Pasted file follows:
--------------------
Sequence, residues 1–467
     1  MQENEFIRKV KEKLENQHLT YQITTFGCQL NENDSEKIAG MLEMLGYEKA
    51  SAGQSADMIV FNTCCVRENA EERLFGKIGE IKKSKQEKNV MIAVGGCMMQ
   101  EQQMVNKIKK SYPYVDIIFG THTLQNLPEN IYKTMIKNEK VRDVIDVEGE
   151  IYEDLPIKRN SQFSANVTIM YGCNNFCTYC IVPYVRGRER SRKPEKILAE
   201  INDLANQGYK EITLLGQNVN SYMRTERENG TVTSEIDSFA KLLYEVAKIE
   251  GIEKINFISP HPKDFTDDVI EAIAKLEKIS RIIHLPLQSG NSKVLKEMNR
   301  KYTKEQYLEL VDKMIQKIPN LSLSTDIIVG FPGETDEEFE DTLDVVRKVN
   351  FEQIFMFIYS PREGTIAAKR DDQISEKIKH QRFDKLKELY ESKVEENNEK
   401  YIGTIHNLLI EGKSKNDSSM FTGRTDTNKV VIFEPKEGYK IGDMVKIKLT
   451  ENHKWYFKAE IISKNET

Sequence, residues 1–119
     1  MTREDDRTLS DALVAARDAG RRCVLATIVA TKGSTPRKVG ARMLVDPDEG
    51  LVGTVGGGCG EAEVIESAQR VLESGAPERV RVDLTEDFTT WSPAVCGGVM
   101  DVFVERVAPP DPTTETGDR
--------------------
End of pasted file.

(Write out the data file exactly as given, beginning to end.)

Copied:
Sequence, residues 1–467
     1  MQENEFIRKV KEKLENQHLT YQITTFGCQL NENDSEKIAG MLEMLGYEKA
    51  SAGQSADMIV FNTCCVRENA EERLFGKIGE IKKSKQEKNV MIAVGGCMMQ
   101  EQQMVNKIKK SYPYVDIIFG THTLQNLPEN IYKTMIKNEK VRDVIDVEGE
   151  IYEDLPIKRN SQFSANVTIM YGCNNFCTYC IVPYVRGRER SRKPEKILAE
   201  INDLANQGYK EITLLGQNVN SYMRTERENG TVTSEIDSFA KLLYEVAKIE
   251  GIEKINFISP HPKDFTDDVI EAIAKLEKIS RIIHLPLQSG NSKVLKEMNR
   301  KYTKEQYLEL VDKMIQKIPN LSLSTDIIVG FPGETDEEFE DTLDVVRKVN
   351  FEQIFMFIYS PREGTIAAKR DDQISEKIKH QRFDKLKELY ESKVEENNEK
   401  YIGTIHNLLI EGKSKNDSSM FTGRTDTNKV VIFEPKEGYK IGDMVKIKLT
   451  ENHKWYFKAE IISKNET

Sequence, residues 1–119
     1  MTREDDRTLS DALVAARDAG RRCVLATIVA TKGSTPRKVG ARMLVDPDEG
    51  LVGTVGGGCG EAEVIESAQR VLESGAPERV RVDLTEDFTT WSPAVCGGVM
   101  DVFVERVAPP DPTTETGDR